20.02.2014 - UNESCO Office in Jakarta

Protecting Critical Sumatran orangutan Habitat

Human-orangutan conflict and mainly habitat destruction constitute serious threats to the orangutan conservation inside and surrounding the park.

Under the Spanish LifeWeb grant, from September 2011 to March 2014, the Great Apes Survival Partnership GRASP/UNEP-UNESCO has been working to support the Indonesian government’s efforts to address environmental threats at the Gunung Leuser National Park (GLNP) and adjacent conservation areas. These challenges were approached  through effective management and protection of critical wildlife habitats including a scientifically-sound ecosystem restoration in Sei Serdang (Gunung Leuser National Park. The aims of the project are to recover degraded forest areas by applying a natural forest succession process; an economic wellbeing of local communities living adjacent to the park by applying community-based ecotourism; and human-orangutan conflict mitigation. We cooperated closely with the GLNP authority, Directorate General of Forest Protection and Nature Conservation (PHKA) and Forestry Research of Development Agency (FORDA) for coordination, joint project implementation, monitoring and sharing of lessons learned. The coordination with these agencies will influence and improve national policy on protected area management and in particular Sumatran orangutan conservation. Together with Desma Center, UNESCO carried out a capacity building activity for the national park staffs. UNESCO also worked closely with Orangutan Information Center (OIC), Sumatra Eco-Explore (SEE), Simpul Indonesia, and Tangkahan Ecotourism organization (LPT) to promote the community-based ecotourism program in Tangkahan. In addition, we collaborated with FORINA (Indonesian Forum Orangutan), organizing the national platform for orangutan conservation that gathers all main stakeholders (research institutions, conservation NGOs, government bodies, international partners, etc.)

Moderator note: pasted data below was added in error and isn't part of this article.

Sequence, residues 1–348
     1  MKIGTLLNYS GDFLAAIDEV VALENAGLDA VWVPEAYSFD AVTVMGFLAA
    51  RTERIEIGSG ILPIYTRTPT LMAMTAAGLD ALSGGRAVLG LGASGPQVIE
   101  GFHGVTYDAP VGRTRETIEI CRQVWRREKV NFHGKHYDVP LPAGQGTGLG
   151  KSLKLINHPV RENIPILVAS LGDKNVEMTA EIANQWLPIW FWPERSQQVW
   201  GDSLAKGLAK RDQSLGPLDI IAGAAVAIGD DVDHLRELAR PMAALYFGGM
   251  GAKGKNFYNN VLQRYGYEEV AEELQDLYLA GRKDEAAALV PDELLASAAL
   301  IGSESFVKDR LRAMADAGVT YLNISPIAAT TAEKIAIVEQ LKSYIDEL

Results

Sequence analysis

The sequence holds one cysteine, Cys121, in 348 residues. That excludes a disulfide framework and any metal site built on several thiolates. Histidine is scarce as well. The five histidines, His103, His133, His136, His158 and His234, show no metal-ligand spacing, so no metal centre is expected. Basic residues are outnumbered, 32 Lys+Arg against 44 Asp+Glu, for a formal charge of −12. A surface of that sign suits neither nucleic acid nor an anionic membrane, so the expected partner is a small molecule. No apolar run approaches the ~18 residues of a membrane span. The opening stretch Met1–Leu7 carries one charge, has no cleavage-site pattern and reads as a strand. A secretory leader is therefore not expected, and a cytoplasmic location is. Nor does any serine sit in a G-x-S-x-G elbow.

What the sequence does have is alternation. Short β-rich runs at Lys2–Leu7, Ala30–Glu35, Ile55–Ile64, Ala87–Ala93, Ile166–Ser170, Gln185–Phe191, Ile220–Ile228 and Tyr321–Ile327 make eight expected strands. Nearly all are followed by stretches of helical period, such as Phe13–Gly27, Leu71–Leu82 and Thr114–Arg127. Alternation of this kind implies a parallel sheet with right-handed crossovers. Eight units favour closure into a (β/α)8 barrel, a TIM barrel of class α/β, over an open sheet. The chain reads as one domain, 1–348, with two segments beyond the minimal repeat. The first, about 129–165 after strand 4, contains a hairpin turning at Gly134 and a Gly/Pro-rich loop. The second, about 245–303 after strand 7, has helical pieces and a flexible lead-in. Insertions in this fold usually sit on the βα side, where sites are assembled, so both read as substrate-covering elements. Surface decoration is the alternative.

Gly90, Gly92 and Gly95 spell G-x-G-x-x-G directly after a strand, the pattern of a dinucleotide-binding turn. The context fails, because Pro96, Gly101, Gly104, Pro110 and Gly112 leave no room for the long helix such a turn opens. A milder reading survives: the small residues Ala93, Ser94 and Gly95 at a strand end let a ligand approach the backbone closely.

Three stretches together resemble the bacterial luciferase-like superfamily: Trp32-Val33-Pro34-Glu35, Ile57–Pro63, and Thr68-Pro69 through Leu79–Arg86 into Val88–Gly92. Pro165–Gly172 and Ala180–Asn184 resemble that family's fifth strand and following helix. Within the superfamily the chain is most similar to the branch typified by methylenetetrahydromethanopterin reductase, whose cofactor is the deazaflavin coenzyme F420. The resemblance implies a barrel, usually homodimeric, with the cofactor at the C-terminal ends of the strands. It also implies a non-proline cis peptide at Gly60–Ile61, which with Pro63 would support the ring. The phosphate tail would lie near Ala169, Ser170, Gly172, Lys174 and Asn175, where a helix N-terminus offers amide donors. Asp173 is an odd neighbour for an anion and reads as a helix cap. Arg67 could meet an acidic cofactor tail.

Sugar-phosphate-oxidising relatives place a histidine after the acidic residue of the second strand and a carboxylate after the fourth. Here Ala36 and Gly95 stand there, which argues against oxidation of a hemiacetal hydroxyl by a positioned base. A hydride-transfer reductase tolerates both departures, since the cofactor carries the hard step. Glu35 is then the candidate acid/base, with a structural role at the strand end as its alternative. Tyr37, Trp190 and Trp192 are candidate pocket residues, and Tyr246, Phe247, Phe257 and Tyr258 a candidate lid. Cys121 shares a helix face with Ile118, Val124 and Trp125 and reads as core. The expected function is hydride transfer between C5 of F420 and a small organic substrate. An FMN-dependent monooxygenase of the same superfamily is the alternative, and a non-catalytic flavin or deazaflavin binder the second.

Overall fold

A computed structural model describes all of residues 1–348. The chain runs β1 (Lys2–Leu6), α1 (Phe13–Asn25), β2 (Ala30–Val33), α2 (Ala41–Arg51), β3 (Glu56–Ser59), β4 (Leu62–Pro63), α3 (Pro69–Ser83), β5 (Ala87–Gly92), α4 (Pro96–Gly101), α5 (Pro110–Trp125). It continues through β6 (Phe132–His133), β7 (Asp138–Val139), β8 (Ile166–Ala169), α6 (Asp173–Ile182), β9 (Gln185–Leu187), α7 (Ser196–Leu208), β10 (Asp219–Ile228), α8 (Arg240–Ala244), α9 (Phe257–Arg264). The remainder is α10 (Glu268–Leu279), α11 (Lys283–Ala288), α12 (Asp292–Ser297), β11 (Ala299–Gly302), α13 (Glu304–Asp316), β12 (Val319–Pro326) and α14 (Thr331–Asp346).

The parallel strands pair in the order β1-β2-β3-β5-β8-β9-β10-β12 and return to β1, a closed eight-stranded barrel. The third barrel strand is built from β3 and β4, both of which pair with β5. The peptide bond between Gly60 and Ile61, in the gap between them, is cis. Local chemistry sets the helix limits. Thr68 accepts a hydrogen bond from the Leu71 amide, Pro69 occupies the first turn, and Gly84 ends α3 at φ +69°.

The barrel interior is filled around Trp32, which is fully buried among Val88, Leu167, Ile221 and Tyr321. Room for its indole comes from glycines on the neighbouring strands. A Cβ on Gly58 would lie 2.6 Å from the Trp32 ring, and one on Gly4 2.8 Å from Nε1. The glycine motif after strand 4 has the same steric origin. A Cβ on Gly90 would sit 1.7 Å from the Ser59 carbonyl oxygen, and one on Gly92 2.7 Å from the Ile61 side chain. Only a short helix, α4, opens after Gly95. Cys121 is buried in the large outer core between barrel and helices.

Gunung Leuser National Park (GLNP) and adjacent ecosystems remains one of the biggest and best preserved habitats of the critically endangered Sumatran orangutan. An orangutan census carried out in GLNP in 2011 has confirmed the presence of orangutans in habitats previously known to host populations of this species. Nevertheless, the pressures (mainly habitat destruction) and conflict between orangutan and local community (orangutan killed) constitute serious threats to the orangutan conservation inside and surrounding the park.

To address this issue, the project has restored and re-established ex oil plantation in Gunung Leuser NP through equipment provision and capacity building. Well-equipped park with enough capacities, continuous monitoring and patrolling efforts has imposed a real and psychological pressure on the continuation of illegal activities within the park. The project has further developed the capacities of the NP staff in protecting the integrity of the park and its species through equipment provision and capacity building.